Cystic Fibrosis Walk Planned For May 18

LAKEWOOD – On May 18, there will be a walk in Lakewood to raise funds and awareness for the Cystic Fibrosis Foundation.

Cystic fibrosis is the number one genetic disease for which there is no cure according to Kristin Schneider, development manager for the Cystic Fibrosis Foundation of Western New York.

“It is generally a lung disease, but it can cause issues with digestion, and pretty much any system in your body that involves skin,” Schneider said. “It’s a pretty complex disease, and basically what happens is that your body can’t remove the salt for the skin. So, a thick, sticky mucus develops in the lungs, and you can’t get rid of all the junk that forms in your lungs.”

This results in lung infections that wouldn’t affect anybody who doesn’t have the disease.

“People who have cystic fibrosis lose about 2 percent of their lung function every year,” she said. “By the time you are 30, you are potentially talking about losing 60 percent of your lung function. That is pretty significant.”

Those with cystic fibrosis are required to take enzymes anytime they eat and breathing treatments to help with their lungs. They also need a special vest which shakes their body and allows them to cough the junk out of their lungs and out of their body. According to Schneider, those with cystic fibrosis need to do one or two hours of treatment before they can leave the house.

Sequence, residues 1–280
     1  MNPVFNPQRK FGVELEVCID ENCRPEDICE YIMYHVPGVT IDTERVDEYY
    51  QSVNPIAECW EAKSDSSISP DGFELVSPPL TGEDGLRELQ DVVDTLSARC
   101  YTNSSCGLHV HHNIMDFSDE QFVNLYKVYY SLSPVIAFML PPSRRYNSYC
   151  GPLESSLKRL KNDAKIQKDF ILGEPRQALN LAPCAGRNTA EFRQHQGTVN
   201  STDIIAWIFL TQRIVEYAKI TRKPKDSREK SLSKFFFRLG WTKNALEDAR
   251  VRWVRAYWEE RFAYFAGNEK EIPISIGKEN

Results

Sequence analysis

The Cystic Fibrosis Foundation is the number one organization that raises money for cystic fibrosis research, according to Schneider. The foundation is dedicated to finding a cure for every single of the thousands of mutations of cystic fibrosis. About 30,000 people in the United States have cystic fibrosis, and is called an “orphan” disease due to it not being very common.

In January 2012, a drug was developed that was founded by the foundation which changes the mutation, so that it’s fixing what is broken, she said. This only affects 4 percent of the cystic fibrosis population, but it is one of the more rare mutations.

“It is improving their lung function, and they are able to gain weight more easily,” Schneider said. “It’s really a game changer. We are not saying it’s a cure, but it is darn close.”

The Great Strides fundraiser is the largest fundraiser the foundation has each year with eight walk sites throughout Western New York. The Jamestown walk goal is $28,000 and for all of the walks in the Western New York area, the goal is $550,000.

The Great Strides walk in the Jamestown area takes place at the Lakewood Rod and Gun on May 18. Registration is at 11 a.m. and the walk begins at noon. The route will head down East Summit, and East Summit turns into West Summit. Then walkers will turn on to Sunset Avenue and come back down West Terrace to East Terrace back to the Lakewood Rod and Gun Club. Afterwards there will be a hotdog barbeque and music.

For more information, call Schneider at 204-2535 or email her at